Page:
The significant influence of Tehran over four Arab capitals (Damascus, Beirut, Baghdad and Sanaa) also includes its sway over several Palestinian factions. This influence is not only malign due to the destructive ideologies followed by the IRGC – it is a clear violation of Palestinian and Arab sovereignty. The main levers of Palestinian politics are now not in the hands of the Palestinian people or their fellow Arabs in other states; they are left to machinations of Tehran. Israel’s Prime Minister Benjamin Netanyahu seems to have inadvertently supported this when, in 2021, he proclaimed Tel Aviv and Tehran as the two main powers in the region.
But this isn’t a sealed fate for the Arab world. Concerted action by major Arab states, and the Arab League, can counter Iranian influence – especially if it can use Israel’s stated desire for recognition by bringing about an end to Palestinian statelessness and definite steps toward ending the Palestinian-Israeli conflict which has been a major source behind growth of Iranian influence in the Arab world.
As the brutal Israeli attacks on Gaza continue, diplomatic tours are being held in region. While Mr Amirabdollahian has been to Iraq, Lebanon, Syria and Qatar, his American counterpart, Antony Blinken, has visited Qatar, Jordan, Saudi Arabia, the UAE and Egypt, as well as Israel. Crucially, a first-ever phone call was held between Iran’s President Ebrahim Raisi and Saudi Arabia’s Crown Prince Mohammed bin Salman. Crown Prince Mohammed also held an hour-long meeting with Mr Blinken, which the latter described as “productive”.
Crucially, Mr Amirabdollahian’s itinerary included not only meeting state officials but leaders of militias Hamas and Hezbollah, respectively in Doha and Beirut. While Crown Prince Mohammed and other Arab officials stress a desire to bring calm to the region (most of them also condemning any civilian targeting), Hamas officials have claimed that a “bigger Axis” should be opened against Israel with Iranian support. Iranian officials repeatedly make similar incendiary threats.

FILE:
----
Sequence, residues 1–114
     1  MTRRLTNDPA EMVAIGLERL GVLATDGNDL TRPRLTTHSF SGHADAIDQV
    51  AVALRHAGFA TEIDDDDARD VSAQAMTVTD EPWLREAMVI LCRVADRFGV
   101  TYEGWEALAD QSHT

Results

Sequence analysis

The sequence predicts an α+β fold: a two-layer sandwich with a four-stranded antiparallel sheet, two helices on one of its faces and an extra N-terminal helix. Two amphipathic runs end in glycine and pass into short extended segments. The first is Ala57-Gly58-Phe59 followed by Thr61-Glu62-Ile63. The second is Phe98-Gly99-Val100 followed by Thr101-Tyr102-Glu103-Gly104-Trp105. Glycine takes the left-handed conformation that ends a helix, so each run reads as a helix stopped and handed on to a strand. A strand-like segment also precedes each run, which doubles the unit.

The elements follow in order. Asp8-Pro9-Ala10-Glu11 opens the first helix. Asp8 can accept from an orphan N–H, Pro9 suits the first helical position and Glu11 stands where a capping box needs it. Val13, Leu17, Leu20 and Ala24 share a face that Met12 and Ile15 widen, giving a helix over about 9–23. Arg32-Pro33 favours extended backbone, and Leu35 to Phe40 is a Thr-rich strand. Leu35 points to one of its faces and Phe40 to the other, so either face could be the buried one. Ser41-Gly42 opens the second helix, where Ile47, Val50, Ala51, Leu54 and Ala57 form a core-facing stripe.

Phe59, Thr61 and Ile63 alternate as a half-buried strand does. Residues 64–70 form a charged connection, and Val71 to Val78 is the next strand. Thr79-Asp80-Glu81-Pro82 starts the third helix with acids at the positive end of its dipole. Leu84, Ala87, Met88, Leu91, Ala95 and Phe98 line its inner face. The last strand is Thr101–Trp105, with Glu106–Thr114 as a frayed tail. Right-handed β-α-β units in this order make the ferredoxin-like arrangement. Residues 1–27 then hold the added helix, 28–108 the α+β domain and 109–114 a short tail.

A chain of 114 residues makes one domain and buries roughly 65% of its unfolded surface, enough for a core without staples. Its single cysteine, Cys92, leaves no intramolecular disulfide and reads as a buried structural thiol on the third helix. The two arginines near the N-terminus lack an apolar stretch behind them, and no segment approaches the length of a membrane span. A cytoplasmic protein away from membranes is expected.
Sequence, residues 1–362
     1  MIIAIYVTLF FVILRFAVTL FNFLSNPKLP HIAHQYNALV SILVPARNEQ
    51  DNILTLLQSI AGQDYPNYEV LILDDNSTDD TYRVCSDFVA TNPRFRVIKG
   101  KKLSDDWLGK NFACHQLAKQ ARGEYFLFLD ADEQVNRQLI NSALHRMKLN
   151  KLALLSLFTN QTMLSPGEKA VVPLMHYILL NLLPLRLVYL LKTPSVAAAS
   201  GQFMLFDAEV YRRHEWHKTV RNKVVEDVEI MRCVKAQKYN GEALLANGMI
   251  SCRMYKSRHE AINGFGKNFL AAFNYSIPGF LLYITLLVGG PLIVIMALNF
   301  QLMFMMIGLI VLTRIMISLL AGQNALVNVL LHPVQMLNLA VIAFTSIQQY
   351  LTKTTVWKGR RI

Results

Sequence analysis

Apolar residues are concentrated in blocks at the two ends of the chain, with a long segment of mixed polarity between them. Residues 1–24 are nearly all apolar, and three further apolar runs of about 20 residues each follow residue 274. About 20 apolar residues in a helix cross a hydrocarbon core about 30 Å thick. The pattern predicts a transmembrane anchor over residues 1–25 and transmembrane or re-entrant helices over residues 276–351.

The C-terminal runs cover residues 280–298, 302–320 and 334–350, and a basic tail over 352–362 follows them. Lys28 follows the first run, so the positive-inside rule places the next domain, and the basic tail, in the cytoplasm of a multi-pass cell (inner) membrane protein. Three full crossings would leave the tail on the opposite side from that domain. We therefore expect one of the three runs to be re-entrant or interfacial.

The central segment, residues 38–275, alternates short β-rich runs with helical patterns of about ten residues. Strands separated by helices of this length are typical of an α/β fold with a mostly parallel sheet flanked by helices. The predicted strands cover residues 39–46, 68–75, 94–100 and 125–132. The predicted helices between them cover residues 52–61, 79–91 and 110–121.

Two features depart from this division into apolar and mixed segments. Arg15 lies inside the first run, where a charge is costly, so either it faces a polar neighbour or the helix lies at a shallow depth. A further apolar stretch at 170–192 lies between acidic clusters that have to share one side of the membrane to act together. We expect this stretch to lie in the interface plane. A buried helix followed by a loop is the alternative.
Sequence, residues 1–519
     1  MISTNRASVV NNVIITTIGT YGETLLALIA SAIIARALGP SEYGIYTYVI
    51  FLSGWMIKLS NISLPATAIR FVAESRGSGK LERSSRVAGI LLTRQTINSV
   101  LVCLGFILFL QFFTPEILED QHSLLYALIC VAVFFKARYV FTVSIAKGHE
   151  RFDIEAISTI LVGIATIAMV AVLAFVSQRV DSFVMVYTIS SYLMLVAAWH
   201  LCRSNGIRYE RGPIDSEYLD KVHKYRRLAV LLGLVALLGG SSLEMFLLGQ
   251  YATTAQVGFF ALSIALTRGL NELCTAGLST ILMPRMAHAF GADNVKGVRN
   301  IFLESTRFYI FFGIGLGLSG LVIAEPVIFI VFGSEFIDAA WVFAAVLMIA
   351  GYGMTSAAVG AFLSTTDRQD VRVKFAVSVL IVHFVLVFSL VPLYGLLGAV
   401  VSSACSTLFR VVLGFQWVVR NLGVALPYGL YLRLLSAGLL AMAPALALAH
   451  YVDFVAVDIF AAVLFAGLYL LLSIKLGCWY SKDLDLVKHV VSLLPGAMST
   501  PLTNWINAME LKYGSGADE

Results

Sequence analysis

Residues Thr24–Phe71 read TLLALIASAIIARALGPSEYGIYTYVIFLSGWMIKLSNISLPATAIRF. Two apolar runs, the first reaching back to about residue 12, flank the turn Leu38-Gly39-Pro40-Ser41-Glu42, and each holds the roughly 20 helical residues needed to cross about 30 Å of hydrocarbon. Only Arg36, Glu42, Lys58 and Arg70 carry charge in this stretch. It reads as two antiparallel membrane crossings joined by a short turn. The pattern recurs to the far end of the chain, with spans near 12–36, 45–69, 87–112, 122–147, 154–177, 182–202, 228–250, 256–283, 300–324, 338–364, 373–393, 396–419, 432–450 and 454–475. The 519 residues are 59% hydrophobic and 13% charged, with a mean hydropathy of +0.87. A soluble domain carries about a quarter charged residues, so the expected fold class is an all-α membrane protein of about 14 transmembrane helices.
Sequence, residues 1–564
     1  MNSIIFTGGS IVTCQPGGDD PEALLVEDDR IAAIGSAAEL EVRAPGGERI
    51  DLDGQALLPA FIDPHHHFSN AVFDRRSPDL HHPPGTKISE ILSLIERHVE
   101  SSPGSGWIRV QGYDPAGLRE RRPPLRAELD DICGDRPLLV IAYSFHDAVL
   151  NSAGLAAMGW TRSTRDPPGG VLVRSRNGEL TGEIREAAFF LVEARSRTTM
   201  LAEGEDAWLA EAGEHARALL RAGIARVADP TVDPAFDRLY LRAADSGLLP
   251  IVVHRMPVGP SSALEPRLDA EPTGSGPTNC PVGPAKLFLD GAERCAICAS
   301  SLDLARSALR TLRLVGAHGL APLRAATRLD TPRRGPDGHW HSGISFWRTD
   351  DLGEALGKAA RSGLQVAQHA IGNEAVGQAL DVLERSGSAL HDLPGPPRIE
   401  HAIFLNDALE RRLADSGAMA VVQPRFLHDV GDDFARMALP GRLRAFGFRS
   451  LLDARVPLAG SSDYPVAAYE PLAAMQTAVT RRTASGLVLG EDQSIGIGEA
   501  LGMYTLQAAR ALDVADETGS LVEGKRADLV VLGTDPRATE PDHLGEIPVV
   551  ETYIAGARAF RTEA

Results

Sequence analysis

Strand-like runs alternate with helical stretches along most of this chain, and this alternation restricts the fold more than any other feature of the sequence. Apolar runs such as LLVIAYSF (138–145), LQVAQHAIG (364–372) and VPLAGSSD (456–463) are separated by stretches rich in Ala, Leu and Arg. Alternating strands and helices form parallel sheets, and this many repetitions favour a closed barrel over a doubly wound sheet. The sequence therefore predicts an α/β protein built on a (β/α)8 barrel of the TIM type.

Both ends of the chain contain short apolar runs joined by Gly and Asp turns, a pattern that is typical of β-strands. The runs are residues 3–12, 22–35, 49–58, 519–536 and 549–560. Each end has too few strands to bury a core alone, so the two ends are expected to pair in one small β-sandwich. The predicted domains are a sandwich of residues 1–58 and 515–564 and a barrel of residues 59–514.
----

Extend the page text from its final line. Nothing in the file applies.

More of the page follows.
The Arab world and Israel thus both face a choice. In 2002, the Arab League gave Israel an unprecedented offer: recognition in exchange with an end to the occupation of Arab lands and forming a Palestinian state. Despite all that has changed, major Arab powers are adamant they remain committed to the same formula. If Israel wants recognition by its neighbours, it must choose to take the offer. For Arab states, this will also be an opportunity to win a historic victory for Palestinians and undermine the Iranian threat to their sovereignty. It will be good news for all peoples of the region, including the people of Iran. We are all tired of endless years of conflict.